I think you're implying the first variation. I disagree to some degree. Probably because most of the newbies I've seen on the forums seem to be giving it some level of fair shot, whether they ask effective questions or not. Like they title threads as "HELP ME!!!!", but many of them actually have tried to install but they grabbed an difficult distribution, or they're installing on one of the very few "tough to install on laptops", and fell prey to the law of unintended consequences. I'm wondering how many complete OS and/or Linux virgins actually just dumbly grab Linux and try to install it. For instance, they'd have to download it, burn a CD or format a thumbstick and then get their system to boot off of it. The "I want that widget to work now, now, now!" class of people wouldn't dream of trying that level of complexity.
 
Old 04-08-2014, 03:10 PM   #70
273
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Quote:
Originally Posted by 273 View Post
I know! Those people who value their time so poorly that they spend hours installing and configuring Linux.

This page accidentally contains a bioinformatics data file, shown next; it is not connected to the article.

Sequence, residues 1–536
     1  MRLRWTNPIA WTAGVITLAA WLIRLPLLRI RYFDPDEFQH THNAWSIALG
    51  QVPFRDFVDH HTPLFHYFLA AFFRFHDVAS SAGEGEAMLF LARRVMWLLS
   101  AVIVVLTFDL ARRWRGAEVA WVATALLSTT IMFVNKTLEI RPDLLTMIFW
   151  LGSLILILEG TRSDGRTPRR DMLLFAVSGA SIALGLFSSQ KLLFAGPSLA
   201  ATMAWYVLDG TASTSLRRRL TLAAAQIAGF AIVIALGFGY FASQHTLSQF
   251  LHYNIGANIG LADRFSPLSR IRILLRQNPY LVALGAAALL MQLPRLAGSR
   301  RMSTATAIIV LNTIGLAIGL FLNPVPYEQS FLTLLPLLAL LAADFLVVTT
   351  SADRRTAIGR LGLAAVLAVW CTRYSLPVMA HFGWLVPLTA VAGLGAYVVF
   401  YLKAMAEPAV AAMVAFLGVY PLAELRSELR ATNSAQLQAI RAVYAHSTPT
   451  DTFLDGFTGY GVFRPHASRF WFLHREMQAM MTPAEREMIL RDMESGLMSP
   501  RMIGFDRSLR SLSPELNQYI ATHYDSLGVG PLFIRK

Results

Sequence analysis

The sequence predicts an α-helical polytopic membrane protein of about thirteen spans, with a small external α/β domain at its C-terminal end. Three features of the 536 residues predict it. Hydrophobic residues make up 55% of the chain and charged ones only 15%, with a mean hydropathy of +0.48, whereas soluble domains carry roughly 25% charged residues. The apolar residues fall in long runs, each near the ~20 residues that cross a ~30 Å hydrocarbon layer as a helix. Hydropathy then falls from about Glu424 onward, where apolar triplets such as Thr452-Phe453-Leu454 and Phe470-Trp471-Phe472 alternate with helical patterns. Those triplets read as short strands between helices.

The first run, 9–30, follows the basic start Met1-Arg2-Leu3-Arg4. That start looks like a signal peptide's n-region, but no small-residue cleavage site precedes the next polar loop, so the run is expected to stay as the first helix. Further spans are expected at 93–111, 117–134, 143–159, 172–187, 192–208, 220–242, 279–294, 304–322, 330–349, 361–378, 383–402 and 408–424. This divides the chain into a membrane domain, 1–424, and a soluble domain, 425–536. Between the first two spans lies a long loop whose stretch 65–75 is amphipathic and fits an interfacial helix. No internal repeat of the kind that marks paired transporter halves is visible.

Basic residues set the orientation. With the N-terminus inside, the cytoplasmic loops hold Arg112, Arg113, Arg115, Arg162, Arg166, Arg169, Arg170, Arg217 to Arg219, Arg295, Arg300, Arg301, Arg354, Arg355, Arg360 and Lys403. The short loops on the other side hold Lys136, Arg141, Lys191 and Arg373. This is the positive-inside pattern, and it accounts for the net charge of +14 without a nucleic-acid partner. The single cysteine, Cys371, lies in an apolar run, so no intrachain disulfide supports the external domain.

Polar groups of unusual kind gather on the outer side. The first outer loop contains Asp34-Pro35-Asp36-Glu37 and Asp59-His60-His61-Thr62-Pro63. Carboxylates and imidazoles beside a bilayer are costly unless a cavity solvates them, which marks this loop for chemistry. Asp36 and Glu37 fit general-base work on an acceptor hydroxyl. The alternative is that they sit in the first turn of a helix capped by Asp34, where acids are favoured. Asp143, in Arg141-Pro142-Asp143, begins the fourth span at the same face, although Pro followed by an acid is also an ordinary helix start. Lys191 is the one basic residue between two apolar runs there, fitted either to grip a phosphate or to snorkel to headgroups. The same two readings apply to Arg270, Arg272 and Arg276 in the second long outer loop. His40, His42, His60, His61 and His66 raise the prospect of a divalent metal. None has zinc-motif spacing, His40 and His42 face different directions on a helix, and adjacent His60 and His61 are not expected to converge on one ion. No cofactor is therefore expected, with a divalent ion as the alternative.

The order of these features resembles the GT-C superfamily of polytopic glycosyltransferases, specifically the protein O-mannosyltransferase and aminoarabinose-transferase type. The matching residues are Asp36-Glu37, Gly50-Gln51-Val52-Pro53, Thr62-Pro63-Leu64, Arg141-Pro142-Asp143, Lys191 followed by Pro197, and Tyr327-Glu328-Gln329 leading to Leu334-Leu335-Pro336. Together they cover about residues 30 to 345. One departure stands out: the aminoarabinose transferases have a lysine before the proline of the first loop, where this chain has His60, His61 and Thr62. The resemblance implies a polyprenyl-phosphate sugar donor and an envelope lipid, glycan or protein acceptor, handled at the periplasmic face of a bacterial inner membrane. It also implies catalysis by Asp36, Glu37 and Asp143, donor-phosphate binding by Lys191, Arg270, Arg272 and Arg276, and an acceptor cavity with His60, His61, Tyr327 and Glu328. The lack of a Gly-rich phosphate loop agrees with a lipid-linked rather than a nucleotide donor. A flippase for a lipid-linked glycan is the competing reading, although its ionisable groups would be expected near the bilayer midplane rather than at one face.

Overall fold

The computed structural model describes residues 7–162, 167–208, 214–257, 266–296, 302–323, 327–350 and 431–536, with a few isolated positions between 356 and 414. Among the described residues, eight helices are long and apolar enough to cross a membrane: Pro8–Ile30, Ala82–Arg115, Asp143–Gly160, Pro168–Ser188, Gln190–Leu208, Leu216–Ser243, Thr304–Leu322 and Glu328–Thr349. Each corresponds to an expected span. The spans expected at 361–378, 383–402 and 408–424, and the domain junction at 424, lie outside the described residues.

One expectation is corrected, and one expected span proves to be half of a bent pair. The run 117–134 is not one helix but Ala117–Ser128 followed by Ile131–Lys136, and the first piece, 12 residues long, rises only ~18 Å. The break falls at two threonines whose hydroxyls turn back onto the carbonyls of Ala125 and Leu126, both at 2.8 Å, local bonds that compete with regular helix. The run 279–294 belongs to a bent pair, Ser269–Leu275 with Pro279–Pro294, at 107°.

Quote:
Originally Posted by jamison20000e View Post
Quote:
Originally Posted by Germany_chris View Post
I think it was sarcastic
Not at all.
Tell me how to install Linux and get my iPhone to sync, my Netflix to work, my Nike jogging watch to exchange data and the macros in my spreadsheets to work without spending hours.
 
Old 04-08-2014, 03:12 PM   #71
rtmistler
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I should know, but does LQ in the FAQ or somewhere have sticky notes for things like:
  1. Best first choice distributions
  2. General advice on how to download and install a distribution
  3. Quick notes on red flags one ought to notice if they're trying an install and it ends up not booting
That's probably the biggest hindrance to a complete newbie. They jump in with both feet and they end up over their head in technical problems far beyond what they normally should have ended up dealing with.
 
Old 04-08-2014, 03:14 PM   #72
273
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Apologies, my point being that it's not a sucker to buy something that works. Spending hours to make Linux do something you could pay OSX or Windows to do means you value your time less than that money or you want to play with Linux.
You're not a "$ucker" because your time is worth more than somebody else's.
 
Old 04-08-2014, 03:15 PM   #73
rtmistler
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Quote: